There is a significant body of legislation regarding workplace discrimination, both at the Federal and State level, and not all are identical in their wording or their application.  You should seek legal advice regarding your options.

The Fair Work Commission and Procedure for Complaints

If your employment has been terminated and you believe it is for discriminatory reasons, then you may bring an application to the Fair Work Commission under section 365 of the FWA.  The application must be brought within 21 days of the date of the termination of your employment.  This is known as an ‘unlawful termination’ proceeding.

If your employment has not been terminated but you are alleging other adverse action was taken by your employer on the grounds of a protected attribute, then you may bring an application pursuant to section 372 of the FWA.

The Fair Work Commission has the power to conciliate unlawful termination and adverse action complaints.  Usually this is conducted by telephone conference first.  If unresolved then the matter may be referred to an arbitration before a Fair Work Commissioner.  The Commissioner has the power to make an order for reinstatement of the employee or for the award of damages.

The Sex Discrimination Act 1984

The Sex Discrimination Act 1984 makes it unlawful to discriminate on the grounds of sex, pregnancy or potential pregnancy, family responsibilities, gender identity, intersex status, marital or relationship status and breastfeeding. It also makes sexual harassment unlawful.  Sexual harassment is defined as conduct where the offending person makes an unwelcome sexual advance or an unwelcome request for sexual favours to the person harassed or engages in other unwelcome conduct of a sexual nature in relation to the person harassed, in circumstances where a reasonable person would anticipate that the harassed person would be offended, intimidated or humiliated.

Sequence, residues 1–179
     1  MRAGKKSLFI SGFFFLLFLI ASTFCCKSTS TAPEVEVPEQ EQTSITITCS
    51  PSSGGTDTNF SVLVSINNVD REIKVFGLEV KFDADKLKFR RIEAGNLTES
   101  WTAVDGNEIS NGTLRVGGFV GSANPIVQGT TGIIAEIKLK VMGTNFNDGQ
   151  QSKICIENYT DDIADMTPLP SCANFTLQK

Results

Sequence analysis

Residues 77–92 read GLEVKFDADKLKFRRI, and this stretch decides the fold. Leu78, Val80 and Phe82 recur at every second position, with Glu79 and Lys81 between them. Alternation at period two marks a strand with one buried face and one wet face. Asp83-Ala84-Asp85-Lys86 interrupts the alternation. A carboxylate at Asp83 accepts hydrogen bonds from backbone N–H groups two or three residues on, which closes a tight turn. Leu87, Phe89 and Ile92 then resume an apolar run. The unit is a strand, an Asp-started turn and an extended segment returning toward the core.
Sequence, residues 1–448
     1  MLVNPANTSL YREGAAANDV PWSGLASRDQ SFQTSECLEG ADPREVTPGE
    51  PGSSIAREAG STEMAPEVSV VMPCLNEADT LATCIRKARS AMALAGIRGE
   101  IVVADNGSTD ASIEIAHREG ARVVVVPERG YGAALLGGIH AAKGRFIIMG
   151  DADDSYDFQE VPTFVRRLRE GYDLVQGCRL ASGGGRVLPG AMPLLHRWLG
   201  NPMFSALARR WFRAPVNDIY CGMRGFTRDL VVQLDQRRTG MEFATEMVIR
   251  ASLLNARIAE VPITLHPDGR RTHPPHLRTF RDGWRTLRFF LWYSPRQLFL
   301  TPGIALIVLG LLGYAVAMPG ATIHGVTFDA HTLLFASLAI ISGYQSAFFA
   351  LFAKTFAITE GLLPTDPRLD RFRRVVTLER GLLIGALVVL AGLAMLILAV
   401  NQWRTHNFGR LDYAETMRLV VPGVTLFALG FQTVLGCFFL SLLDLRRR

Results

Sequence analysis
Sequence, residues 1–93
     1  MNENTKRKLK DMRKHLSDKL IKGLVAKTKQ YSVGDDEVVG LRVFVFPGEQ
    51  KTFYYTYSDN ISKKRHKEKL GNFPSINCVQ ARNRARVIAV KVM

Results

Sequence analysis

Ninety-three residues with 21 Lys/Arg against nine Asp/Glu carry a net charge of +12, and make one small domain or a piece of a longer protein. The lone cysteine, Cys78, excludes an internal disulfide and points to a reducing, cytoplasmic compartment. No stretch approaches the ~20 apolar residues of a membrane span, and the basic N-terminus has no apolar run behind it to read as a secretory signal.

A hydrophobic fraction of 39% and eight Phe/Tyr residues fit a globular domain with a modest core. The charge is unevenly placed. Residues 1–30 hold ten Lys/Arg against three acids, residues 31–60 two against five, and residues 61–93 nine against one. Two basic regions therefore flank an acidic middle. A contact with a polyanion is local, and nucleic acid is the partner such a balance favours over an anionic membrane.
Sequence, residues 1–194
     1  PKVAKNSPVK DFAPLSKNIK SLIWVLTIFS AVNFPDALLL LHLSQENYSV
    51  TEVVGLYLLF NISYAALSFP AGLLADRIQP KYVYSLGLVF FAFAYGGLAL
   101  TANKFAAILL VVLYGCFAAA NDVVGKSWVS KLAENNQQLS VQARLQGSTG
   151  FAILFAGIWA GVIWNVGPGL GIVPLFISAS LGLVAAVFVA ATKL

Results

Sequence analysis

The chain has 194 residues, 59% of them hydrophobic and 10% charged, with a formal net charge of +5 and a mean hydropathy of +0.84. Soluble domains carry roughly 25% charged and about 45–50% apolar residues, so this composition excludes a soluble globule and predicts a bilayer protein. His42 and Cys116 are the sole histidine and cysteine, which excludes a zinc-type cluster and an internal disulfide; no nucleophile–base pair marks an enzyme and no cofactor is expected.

The Racial Discrimination Act 1975

The Racial Discrimination Act 1975 makes it unlawful for a person ‘to do any act involving a distinction, exclusion, restriction or preference based on race, colour, descent or national or ethnic origin which has the purpose or effect of nullifying or impairing the recognition, enjoyment or exercise, on an equal footing, of any human right or fundamental freedom in the political, economic, social, cultural or any other field of public life’.

The Disability Discrimination Act 1992

The Disability Discrimination Act 1992 contains a long list of attributes which constitute a ‘disability’, including total or partial loss of bodily or mental functions or a body part, the presence of organisms causing disease and illness, and the malfunction or disfigurement of part of the body.  ‘Disability’ also includes past, present or potential disability.